For the typical Yalie, bright sunshine and a light breeze are welcome changes in weather. But this past weekend, the constantly changing wind conditions amplified the challenges facing Yale’s sailing team competing at the U.S. Coast Guard Academy.

Twenty schools competed in the Danmark Trophy co-ed regatta on Saturday and Sunday, where Yale finished second, behind Boston College but well ahead of sixth-place Harvard. The Bulldogs also competed at two other regattas this weekend. At the George Warren Smith Trophy hosted by MIT, Yale came in fourth, while MIT snagged first place with a nine-point advantage, followed by Brown and Tufts. At home, Yale hosted the Southern Series III, and the Elis claimed fifth and seventh place.

Team captain Zachary Brown ’08 spent the weekend competing at the Danmark Trophy with part of the team. He said the dynamic weather and other mishaps posed a mental and physical challenge to the team.

“The second day was very frustrating because it was a lot more difficult to sail,” Brown said. “With mentally challenging conditions — it was different every race.”

But after a rocky start, several sailers said the team steadied and improved on Sunday. Thomas Barrows ’10 said that the team’s performance on day two contrasted greatly with the opening day’s results.

“It was a tough weekend — we started out fairly poorly on Saturday,” Barrows said. “But on Sunday, we had really good starts, so we were in the lead most of the time.”

The Danmark Trophy, held in nearby New London, Conn., is the qualifying regatta for the Atlantic Coast Championships, which is the culminating and premier regatta of the fall season. Only the top 18 teams from the East Coast Conferences are invited.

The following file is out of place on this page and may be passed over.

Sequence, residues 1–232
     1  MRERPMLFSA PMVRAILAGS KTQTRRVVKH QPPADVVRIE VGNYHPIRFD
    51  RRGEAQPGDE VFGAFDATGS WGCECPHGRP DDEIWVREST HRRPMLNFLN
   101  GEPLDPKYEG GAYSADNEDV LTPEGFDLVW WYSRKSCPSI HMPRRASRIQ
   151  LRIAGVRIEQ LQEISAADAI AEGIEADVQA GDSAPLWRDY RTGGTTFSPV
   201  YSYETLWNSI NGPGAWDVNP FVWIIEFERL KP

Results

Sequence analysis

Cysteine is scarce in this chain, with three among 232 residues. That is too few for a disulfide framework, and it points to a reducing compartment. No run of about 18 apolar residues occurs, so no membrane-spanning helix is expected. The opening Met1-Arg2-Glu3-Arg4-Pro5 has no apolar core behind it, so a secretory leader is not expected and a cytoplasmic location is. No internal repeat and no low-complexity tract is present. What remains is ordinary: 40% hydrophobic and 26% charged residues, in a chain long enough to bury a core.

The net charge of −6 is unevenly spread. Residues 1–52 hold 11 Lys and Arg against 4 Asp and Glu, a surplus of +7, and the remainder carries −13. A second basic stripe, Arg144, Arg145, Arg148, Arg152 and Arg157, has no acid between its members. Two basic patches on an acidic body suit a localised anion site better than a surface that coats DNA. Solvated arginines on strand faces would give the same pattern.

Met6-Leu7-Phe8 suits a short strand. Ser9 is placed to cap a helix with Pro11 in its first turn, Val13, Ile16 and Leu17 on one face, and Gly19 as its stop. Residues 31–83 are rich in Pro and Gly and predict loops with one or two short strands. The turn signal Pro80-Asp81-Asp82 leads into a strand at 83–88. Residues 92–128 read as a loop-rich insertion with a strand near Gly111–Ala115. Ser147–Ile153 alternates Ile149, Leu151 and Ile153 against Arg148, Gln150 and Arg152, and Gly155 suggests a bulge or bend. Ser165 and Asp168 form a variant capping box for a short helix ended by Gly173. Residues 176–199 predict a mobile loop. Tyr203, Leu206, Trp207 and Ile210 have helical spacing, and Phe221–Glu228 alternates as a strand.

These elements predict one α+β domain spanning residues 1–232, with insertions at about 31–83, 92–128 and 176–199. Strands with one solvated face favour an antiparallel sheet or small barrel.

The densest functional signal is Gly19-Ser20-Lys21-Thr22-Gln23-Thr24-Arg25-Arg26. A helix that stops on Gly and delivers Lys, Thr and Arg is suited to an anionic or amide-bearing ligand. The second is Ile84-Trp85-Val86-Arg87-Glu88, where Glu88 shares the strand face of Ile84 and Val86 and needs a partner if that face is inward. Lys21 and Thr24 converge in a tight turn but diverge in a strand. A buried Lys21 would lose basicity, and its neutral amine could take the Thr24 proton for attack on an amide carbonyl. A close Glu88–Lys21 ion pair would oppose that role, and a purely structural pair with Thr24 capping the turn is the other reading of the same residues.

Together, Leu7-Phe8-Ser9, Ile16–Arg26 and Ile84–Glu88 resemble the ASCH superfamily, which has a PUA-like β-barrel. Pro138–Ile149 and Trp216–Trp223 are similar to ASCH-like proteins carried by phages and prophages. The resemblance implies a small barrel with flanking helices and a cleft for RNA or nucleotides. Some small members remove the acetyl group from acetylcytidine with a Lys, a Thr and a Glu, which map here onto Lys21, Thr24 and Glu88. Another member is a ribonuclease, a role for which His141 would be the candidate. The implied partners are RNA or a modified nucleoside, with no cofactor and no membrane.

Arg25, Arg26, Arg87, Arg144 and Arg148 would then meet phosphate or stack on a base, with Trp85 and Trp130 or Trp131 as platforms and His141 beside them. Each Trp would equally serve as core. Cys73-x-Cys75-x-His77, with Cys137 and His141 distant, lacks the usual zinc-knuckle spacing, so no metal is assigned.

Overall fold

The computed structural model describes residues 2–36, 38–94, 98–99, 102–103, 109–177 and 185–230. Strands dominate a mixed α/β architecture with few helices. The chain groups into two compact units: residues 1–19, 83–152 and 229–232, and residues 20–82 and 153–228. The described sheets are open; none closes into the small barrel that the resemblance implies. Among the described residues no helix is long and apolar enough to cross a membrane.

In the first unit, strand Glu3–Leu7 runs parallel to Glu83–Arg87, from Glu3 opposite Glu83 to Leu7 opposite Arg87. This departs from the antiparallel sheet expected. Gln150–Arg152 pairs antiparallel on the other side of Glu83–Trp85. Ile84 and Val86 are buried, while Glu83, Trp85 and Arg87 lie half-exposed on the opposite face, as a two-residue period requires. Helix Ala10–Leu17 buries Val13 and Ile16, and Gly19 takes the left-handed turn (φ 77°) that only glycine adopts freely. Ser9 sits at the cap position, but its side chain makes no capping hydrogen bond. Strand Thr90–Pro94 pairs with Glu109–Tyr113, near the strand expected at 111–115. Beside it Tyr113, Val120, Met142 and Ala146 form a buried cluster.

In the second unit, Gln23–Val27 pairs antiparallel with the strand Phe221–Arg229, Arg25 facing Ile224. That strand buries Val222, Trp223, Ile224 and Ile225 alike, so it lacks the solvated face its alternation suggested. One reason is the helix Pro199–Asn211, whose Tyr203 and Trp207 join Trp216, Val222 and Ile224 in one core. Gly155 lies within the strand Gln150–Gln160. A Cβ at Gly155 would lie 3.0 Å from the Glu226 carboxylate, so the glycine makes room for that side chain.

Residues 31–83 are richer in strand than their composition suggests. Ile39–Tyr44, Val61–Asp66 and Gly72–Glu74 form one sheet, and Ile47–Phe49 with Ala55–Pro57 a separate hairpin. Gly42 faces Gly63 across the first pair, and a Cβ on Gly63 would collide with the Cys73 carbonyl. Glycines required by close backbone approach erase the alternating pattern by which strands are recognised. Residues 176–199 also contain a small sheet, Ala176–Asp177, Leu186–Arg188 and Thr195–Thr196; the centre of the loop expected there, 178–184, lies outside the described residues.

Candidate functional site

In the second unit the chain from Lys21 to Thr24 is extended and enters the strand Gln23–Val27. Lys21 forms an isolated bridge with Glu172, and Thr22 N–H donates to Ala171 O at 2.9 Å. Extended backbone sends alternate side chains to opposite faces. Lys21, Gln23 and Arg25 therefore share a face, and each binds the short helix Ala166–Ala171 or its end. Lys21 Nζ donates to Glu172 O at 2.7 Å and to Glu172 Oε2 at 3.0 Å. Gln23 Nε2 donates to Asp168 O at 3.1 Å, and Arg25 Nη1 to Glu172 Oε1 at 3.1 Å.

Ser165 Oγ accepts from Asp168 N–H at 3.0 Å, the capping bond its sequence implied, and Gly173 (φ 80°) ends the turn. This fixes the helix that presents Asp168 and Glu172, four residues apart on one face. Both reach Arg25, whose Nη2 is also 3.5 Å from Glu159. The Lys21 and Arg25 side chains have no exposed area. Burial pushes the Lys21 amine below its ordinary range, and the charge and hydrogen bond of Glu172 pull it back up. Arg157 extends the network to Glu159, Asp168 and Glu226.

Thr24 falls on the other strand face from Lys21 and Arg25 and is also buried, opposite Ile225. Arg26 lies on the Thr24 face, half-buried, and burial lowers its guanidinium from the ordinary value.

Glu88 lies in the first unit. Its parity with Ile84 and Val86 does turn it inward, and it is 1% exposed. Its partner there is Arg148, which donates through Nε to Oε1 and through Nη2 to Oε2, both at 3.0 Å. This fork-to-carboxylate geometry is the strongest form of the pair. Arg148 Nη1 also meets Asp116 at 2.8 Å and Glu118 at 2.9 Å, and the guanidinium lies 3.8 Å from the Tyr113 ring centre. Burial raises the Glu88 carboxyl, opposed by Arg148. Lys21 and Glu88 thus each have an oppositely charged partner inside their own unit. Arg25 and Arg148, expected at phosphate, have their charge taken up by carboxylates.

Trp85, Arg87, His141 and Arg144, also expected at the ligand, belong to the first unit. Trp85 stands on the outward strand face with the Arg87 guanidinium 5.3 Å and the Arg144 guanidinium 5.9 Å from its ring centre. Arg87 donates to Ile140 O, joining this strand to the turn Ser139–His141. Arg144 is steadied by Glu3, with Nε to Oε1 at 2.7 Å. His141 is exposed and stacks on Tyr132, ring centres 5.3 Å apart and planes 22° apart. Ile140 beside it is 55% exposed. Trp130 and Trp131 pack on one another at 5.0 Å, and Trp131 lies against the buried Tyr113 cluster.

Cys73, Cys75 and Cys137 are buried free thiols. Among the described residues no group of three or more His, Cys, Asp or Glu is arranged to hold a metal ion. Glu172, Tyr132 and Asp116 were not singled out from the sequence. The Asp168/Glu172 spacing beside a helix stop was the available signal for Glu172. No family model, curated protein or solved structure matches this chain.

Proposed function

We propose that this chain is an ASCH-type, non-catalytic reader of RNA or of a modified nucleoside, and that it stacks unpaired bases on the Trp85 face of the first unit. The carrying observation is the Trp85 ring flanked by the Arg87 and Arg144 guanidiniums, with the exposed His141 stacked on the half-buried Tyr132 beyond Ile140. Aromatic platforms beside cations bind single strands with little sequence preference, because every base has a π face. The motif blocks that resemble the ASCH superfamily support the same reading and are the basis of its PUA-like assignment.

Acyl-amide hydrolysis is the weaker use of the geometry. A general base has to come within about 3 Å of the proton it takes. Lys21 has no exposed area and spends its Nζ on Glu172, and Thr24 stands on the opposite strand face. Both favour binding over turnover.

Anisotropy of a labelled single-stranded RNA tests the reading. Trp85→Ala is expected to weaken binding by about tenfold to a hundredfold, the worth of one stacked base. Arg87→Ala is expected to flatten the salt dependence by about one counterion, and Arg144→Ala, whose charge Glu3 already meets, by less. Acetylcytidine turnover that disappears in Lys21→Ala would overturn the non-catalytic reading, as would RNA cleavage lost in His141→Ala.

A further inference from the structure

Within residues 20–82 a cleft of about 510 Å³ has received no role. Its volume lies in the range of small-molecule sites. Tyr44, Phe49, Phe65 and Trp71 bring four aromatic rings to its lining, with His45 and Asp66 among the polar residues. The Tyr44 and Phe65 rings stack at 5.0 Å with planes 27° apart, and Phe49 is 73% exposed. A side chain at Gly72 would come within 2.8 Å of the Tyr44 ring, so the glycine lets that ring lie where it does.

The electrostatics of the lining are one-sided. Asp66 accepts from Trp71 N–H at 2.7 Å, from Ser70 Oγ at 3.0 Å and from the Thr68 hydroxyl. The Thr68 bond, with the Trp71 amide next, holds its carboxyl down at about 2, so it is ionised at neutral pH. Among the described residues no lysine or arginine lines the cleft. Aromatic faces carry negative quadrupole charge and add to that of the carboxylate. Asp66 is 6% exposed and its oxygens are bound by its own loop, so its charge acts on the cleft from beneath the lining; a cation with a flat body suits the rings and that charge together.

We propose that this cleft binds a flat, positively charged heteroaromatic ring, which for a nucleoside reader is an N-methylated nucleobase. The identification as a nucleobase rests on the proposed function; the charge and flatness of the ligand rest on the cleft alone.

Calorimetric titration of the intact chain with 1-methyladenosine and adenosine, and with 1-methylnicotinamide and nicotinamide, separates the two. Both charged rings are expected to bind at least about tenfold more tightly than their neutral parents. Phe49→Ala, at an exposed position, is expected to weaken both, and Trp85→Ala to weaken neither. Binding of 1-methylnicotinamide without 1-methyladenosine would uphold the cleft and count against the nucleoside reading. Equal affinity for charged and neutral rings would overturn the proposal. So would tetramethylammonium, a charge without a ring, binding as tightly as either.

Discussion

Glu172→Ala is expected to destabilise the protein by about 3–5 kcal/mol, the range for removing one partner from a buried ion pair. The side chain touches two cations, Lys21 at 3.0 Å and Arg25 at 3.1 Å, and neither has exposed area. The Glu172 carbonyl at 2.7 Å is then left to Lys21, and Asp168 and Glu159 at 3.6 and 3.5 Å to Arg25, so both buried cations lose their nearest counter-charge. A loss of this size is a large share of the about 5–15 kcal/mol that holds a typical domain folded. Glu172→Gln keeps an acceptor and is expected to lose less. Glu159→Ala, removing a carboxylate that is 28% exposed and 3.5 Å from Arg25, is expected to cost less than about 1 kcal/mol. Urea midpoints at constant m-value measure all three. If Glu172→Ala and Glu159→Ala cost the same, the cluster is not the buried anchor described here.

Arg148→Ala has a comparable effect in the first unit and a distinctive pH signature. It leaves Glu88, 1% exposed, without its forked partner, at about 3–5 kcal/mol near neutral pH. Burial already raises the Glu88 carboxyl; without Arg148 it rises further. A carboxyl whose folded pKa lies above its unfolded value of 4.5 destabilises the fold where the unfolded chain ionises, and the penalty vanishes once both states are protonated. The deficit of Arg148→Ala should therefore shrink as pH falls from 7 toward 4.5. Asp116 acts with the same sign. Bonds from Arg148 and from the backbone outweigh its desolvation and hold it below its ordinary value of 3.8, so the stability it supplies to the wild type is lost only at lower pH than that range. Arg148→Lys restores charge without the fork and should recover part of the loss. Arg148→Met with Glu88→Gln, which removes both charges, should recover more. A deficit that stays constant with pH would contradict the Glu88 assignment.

Brown said the team had concrete expectations for the regatta — finishing in the top two was paramount.

“We were hoping to qualify, and that’s what we did. That was our big goal,” Brown said. “We had to get top two — Boston College qualified, and they ended up winning the event.”

The Atlantic Coast Championships will be hosted this year by Eckerd College in St. Petersburg, Florida.

While several Eli boats competed for a bid to the ACC, other teammates sailed in Cambridge. Twenty-eight schools lined up on one starting line at MIT’s regatta, creating a hectic and competitive start to the weekend.

John Kempton ’10, Adriane Levin ’09 and Emmet Smith ’09 came in third in the A Division, while Rufus Peabody ’08 and Kate Williams ’08 finished fourth in the B Division.

Back at Yale, two Bulldog teams competed in the A Division of Southern Series III — Jason Rabinovitch ’08 and Hannah Aultman ’08 finished fourth, totaling 55 points over 11 races, and Becca Jackson ’10, Liz Clark-Poiner ’09 and Meg Weeks ’08 won eighth place with 76 points.

Rabinovitch said in an e-mail that the weekend at home was well spent.

“It was definitely a welcome change to be able to sail at home,” Rabinovitch said. “We got a large range of wind conditions over the two days. As a team we did well, but definitely learned a lot from the weekend.”

As for the rest of the season, Brown said that he is expecting to remain as competitive as in past years. Yale has consistently produced top national teams.

“Our team is not as deep because a lot of seniors graduated, but we’re at the top level,” Brown said.

The Bulldogs will have another chance to compete this weekend at home as the hosts of the 46th Bus Mosbacher-Arthur. Although the weather forecast predicts cloudy skies and a chance of rain, Barrows says the weekend will be good practice for the upcoming Atlantic Coast Championships. With their ACC bid in hand, the Elis can relax a bit this weekend.

“For the regatta coming up we won’t be focused on the results as much,” Barrows said. “We can work on some things and improve.”